My Wild Horse and Burro Story: Kirren Leigh Seiler

By Kirren Leigh Seiler

I got my first horse, a BLM mustang, in 2000 right after my fourteenth birthday.  I had been taking riding lessons since I was six, and my family finally got property in Arizona and were able to afford a horse (for a single mother with three kids, working two-to-three jobs at a time, that was not an easy feat).  Not only did we get one, but we got TWO mustangs: titled, but untouched three-year-olds.  I chose the mare from Jackson Mountains HMA, and my brother chose the bigger, hardier gelding from Round Mountain HMA.  We made a lot of mistakes with those two, but we also learned a ton along the way.  Both are still with us, the gelding enjoying the pasture and the mare enjoying the semi-retirement life after being my main go-to horse for almost 20 years. 

Because of those two, I did a lot of presentations in school on BLM mustangs, and even geared my college years towards them (I have a BS in Ag Business with an emphasis on the equine industry, and a Masters in rangeland management).  When my husband and I moved to Colorado, we immersed ourselves in a pretty good hub of mustang culture.  We attended Cheyenne Frontier Days that first year and tried to adopt a yearling that was offered, and upon losing that competitive bid, made friends with Mantle Ranch and ended up bringing two other yearlings home with us a month later.  Since then, I have ridden my mustang mares in the Cheyenne Frontier Days parades and carried flags every year (until 2020, of course). 

One of the yearlings we picked up from Mantle Ranch, a mare from Muskrat Basin HMA, is one of the smartest and coolest horses I’ve ever worked with.  She and I have currently joined a competitive jousting team (yes, that’s right a competitive JOUSTING team!), that also doubles as a theatrical troupe, and she loves it!  She and I have also traveled to Fort Worth for the Mustang Heritage Foundation’s Mustang Open to compete when she was still green, and she did fairly well.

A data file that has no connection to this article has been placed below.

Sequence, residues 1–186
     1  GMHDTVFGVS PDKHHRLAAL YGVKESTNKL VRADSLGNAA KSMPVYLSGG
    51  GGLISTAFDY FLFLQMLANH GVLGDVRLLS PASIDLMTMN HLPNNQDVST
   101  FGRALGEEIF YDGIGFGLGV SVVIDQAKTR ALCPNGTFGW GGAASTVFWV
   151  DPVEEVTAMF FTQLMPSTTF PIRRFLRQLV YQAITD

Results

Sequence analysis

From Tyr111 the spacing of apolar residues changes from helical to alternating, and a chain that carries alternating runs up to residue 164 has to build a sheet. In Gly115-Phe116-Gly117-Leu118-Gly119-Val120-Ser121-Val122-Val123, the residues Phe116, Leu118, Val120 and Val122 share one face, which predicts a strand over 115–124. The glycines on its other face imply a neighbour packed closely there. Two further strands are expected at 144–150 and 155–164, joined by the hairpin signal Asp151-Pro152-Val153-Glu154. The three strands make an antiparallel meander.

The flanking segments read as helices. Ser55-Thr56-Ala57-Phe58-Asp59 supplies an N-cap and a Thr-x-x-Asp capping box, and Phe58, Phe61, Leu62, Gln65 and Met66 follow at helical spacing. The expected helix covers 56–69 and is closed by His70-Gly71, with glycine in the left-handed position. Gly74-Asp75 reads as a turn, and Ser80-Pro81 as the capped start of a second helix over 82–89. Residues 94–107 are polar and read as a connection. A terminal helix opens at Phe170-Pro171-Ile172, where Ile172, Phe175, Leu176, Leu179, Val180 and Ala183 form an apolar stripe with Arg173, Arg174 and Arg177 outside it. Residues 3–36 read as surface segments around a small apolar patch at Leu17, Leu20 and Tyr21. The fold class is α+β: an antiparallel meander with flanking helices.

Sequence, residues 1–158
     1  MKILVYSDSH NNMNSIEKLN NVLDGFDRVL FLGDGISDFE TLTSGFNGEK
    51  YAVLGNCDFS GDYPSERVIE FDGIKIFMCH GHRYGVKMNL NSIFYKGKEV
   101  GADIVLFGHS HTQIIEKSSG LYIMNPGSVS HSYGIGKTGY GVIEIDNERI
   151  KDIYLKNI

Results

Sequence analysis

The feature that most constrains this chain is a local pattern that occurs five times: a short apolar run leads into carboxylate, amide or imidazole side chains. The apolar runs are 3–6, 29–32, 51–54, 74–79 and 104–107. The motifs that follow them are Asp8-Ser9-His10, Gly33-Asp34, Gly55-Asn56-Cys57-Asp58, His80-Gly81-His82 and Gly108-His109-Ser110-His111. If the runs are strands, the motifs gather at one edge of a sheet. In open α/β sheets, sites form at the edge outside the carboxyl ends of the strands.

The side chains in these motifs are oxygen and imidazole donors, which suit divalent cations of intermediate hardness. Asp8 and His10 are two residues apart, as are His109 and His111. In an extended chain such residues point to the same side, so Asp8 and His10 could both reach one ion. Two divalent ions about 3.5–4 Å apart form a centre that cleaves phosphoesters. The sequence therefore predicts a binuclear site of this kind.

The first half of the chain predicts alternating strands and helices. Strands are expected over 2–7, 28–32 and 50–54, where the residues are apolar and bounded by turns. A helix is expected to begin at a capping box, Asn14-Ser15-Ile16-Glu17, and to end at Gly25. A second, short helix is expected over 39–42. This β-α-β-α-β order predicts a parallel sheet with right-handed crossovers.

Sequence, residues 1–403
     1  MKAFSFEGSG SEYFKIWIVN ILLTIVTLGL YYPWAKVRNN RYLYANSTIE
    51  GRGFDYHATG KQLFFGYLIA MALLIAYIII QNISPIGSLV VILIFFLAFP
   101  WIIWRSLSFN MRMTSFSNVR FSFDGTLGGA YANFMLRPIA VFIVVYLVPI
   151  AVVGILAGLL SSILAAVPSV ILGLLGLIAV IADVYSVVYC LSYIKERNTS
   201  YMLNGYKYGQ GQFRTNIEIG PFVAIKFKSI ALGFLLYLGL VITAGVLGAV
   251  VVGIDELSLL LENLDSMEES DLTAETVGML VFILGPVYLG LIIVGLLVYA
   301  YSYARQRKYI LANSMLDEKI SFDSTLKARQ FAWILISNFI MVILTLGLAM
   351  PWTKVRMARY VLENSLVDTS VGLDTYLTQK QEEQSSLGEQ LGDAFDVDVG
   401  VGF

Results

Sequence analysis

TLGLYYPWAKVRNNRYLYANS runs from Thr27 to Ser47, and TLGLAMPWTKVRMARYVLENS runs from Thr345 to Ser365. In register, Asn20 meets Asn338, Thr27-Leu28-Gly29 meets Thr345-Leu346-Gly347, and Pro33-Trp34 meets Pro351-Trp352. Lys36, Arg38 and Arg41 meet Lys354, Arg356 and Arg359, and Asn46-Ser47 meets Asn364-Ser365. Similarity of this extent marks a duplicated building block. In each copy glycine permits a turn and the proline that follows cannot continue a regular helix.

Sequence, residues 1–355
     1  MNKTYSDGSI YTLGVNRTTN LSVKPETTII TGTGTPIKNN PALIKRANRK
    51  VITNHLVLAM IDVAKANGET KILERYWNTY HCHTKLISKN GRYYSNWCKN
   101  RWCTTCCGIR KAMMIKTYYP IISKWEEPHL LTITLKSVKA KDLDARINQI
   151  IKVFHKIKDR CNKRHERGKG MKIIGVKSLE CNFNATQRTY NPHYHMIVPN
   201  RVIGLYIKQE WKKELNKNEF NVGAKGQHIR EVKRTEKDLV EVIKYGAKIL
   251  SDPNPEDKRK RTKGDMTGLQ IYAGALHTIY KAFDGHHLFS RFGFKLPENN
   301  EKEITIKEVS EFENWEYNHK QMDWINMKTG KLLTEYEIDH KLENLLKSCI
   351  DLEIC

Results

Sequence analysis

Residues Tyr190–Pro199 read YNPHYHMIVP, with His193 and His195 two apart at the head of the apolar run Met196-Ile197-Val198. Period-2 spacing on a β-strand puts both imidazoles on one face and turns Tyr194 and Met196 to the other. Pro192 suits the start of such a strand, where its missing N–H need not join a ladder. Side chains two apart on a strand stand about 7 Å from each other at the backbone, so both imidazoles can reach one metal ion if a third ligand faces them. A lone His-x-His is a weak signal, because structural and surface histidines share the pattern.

About five years ago, I adopted a gelding from the 2014 Salt Wells Creek HMA gather.  He is my soul’stang.  One of the easiest horses I’ve gentled, and we have traveled to Fort Worth, Texas to compete in the Mustang Heritage Foundation’s Mustang Open twice.  This is a horse that I did his first ride on shortly after having broken my back (on a different horse, freak accident) and had only been cleared to ride for a few weeks.  He took care of me that day!  The most uneventful first ride ever, and he acted like he had done it a hundred times (my friends and I had a running joke that he must have been domesticated once….)! 

The year I completed my Masters, my husband told me my present would be a burro.  Luckily for me, there was an Extreme Mustang Makeover in Fort Collins that year, and I adopted the only “no light point” (NLP) burro; a three-year-old jenny gathered outside of the Chemehuevi HMA.  She was also an extremely easy creature to gentle, which led to the inside joke that my Salty boy must have left a “how to train your human” book in our round pen.

Since 2016, I have become a TIP trainer, and have worked with a number of horses.  My heart lies with the Wyoming horses, especially the Salt Wells Creek ones.  I have been to, and found/observed, horses and burros in numerous states (the goal is to find at least one in every single HMA as we enjoy traveling by vehicle).  I particularly like the “older” horses, because in my experience they are more mature and tend to accept my abilities (and shortcomings) the best.  I am constantly learning from my trainer friends (mustang and domestic) and trying new things based on my horses, both my “keeper crew” and my TIP/in-training horses.  I have domestics, but my heart lies with the wild ones; I love the clean slate and learning how to work with each individual.  

Woman in costume on horse in an arena.

Man and woman stand with four horses, a donkey and three dogs in pumpkin patch

Woman jousting on a horse.

Man riding a horse in a round pen.

Woman standing with a donkey, wearing three blue ribbons.